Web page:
Osteochondritis Dissecans in dogs

Osteochondritis Dissecans in dogs

What is Osteochondritis dissecans (OCD)?

Osteochondritis dissecans, commonly abbreviated OCD, is a condition in dogs where the immature articular cartilage has separated from the underlying bone. This is caused by osteochondrosis. Cracks in the cartilage of a weight baring surface can go on all the way down to the soft bone beneath the cartilage, and eventually a part of the joint cartilage can separate from the underlying structure. The resulting “flap” can be up to an inch across, but it can also be no bigger than a quarter of an inch. The flap will irritate the joint and cause pain for the dog. The joint will often become inflamed, and healing attempts can lead to scar tissue formation. Calcium deposits can also develop.  

Reasons behind Osteochondritis dissecans (OCD)

Many factors can contribute to Osteochondritis dissecans, including genetic disposition, body size and weight, diet, and trauma.

Symptoms of Osteochondritis dissecans (OCD) in dogs

The first symptoms of Osteochondritis dissecans normally show up when the dog is 6-9 months of age, since this is a major growth phase in the life of a pup. Osteochondritis dissecans can affect the shoulder, ankle or elbow joint. The first symptom of OCD is often an intermittent limp in one of the front legs of the dog. An affected puppy can also start holding its front leg out, or point its toes in an abnormal direction (more away from the midline). It is important to keep in mind that even a puppy that runs around, jumps and plays can be suffering from Osteochondritis dissecans. In many cases, you can see that the puppy becomes aware of the pain as soon as it slows down a bit. A puppy suffering from Osteochondritis dissecans will often be very careful not to hurt its painful leg when laying down.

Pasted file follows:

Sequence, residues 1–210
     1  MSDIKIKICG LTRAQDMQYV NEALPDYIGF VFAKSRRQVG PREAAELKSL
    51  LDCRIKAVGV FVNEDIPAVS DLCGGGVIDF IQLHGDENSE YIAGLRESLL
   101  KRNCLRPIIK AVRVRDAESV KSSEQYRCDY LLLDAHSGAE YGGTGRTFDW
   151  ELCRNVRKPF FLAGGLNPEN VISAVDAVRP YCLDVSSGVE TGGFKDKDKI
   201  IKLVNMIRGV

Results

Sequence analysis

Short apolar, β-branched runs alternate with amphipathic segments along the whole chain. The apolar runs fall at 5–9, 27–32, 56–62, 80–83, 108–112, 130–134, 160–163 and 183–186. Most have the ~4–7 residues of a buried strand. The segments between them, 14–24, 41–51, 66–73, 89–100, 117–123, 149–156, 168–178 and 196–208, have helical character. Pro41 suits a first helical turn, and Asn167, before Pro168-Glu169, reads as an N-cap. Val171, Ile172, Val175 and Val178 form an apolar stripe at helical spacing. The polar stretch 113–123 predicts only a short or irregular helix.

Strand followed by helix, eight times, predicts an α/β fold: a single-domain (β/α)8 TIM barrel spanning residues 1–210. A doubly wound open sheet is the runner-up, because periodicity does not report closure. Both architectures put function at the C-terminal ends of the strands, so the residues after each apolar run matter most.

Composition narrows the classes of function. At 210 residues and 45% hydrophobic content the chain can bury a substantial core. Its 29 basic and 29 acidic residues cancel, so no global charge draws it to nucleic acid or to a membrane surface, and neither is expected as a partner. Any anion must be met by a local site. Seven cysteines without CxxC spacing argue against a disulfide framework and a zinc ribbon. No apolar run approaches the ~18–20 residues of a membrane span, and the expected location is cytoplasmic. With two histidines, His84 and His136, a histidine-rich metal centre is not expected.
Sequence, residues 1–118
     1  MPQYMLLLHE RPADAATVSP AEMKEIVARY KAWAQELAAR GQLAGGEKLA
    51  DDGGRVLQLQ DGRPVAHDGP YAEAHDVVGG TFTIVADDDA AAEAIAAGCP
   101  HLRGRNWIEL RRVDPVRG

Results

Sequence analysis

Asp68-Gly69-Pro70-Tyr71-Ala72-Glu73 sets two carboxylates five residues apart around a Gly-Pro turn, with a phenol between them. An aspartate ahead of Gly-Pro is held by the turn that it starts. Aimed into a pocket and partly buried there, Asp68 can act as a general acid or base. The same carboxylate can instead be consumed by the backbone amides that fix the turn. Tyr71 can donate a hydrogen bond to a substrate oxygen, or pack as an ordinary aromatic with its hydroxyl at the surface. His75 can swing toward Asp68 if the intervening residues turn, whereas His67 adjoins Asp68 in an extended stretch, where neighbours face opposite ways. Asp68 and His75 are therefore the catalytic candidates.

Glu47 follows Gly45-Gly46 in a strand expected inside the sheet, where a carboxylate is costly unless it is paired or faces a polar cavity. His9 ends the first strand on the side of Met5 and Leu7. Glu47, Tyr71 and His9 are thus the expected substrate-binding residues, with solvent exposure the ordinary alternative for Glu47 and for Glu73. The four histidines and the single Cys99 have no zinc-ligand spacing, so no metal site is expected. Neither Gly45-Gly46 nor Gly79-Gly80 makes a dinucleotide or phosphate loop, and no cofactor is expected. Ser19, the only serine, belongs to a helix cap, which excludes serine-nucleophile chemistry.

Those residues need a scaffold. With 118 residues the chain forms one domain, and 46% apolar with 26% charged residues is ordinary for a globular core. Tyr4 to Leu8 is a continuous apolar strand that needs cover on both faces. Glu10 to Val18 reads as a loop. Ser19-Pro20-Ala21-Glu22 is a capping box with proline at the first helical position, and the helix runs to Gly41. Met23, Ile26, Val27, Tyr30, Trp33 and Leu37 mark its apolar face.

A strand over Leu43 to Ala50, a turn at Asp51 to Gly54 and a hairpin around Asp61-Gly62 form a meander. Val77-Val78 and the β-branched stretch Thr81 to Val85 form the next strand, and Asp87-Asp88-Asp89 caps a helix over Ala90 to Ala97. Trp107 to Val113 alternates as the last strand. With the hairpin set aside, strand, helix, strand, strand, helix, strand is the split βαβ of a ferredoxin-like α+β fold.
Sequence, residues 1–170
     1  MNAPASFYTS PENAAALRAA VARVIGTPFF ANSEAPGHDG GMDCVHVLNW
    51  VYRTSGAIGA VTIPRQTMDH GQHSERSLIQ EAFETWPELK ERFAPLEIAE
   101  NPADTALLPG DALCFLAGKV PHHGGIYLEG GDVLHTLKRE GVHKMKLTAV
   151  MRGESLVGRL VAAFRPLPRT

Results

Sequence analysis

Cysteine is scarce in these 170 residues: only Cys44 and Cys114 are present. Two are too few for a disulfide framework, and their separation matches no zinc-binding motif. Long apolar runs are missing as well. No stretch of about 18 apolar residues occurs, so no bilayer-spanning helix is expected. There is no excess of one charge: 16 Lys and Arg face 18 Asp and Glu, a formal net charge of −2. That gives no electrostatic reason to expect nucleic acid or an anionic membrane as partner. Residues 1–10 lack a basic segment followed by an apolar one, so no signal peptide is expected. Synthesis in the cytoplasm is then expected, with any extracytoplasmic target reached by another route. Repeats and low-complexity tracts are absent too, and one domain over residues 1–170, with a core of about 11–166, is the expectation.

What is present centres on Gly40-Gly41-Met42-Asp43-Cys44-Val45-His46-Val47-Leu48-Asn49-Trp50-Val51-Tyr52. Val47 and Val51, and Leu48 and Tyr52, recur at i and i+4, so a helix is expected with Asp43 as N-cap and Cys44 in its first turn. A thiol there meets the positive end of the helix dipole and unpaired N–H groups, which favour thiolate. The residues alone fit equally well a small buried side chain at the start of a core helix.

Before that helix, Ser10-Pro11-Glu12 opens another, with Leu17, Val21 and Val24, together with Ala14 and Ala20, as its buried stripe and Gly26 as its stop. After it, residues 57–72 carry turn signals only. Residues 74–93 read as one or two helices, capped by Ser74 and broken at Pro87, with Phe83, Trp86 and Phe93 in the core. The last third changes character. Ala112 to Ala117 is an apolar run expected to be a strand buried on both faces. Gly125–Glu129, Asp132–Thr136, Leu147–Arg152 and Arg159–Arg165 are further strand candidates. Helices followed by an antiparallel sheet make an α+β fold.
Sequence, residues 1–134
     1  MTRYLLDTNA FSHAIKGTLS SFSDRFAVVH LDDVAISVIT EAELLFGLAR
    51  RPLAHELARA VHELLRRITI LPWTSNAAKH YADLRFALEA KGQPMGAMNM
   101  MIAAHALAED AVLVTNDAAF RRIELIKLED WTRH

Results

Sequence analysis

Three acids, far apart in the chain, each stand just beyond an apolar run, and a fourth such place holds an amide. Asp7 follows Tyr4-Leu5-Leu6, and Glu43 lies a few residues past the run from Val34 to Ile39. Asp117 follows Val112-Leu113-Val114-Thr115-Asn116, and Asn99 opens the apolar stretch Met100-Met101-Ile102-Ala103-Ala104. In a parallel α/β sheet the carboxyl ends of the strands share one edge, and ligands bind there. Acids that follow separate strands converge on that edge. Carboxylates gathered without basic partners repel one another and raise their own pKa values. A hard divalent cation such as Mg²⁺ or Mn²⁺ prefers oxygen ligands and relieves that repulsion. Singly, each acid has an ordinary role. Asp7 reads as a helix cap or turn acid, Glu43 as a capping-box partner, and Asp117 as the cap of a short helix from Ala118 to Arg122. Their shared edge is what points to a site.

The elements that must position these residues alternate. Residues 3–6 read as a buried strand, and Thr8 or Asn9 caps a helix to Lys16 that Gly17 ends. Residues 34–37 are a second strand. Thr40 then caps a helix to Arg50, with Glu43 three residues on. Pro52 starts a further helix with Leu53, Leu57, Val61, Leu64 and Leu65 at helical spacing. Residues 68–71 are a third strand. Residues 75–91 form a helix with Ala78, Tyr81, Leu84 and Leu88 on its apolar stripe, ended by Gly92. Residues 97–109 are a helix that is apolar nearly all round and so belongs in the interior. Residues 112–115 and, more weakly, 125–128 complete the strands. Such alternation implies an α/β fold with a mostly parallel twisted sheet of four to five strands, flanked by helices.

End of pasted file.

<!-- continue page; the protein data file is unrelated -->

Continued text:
Osteochondritis dissecans (OCD) treatment for dogs

Several different treatments are available for dogs with Osteochondritis dissecans. One of the most commonly used once is to keep the activity level of the dog down to an absolute minimum for several weeks. In many cases, you need to confine your dog to a pen to make sure that it will not run or walk around in the house. If a dog is forced to rest for at least 4-10 weeks, the humeral head have a greater chance of healing. This method works in about 60% of all affected dogs, but it requires a patient and stringent dog owner that is willing to make sure that the dog stays inactive for as long as it takes. 

Another available Osteochondritis dissecans treatment for dogs is surgery. This only requires two weeks of rest, but will on the other hand come will all the risks associated with surgery and sedation. During this procedure, the surgeon will make an incision to reach the affected joint. In most cases, the cartilage flap can be removed using a forceps. It is also possible to scrape the bed where the flap was located to induce quicker healing. After two weeks, you can gradually allow your dog to resume its normal activity level.

Skeletal and muscular disorders in dogs: (click for more info)
Canine hip dysplasia
Congenital vertebral anomalies in dogs
Craniomandibular osteopathy in dogs
Elbow dysplasia in dogs
Hypertrophic Osteodystrophy in dogs
Hypertrophic Osteopathy in dogs
Legg-Calvé-Perthes syndrome in dogs
Luxating patella in dogs
Masticatory muscle myositis in dogs
Masticatory Muscle Myositis (MMM) and Extraocular Myositis (EOM) in dogs
Osteoarthritis in dogs
Osteochondritis Dissecans in dogs
Panosteitis in dogs
Spondylosis in dogs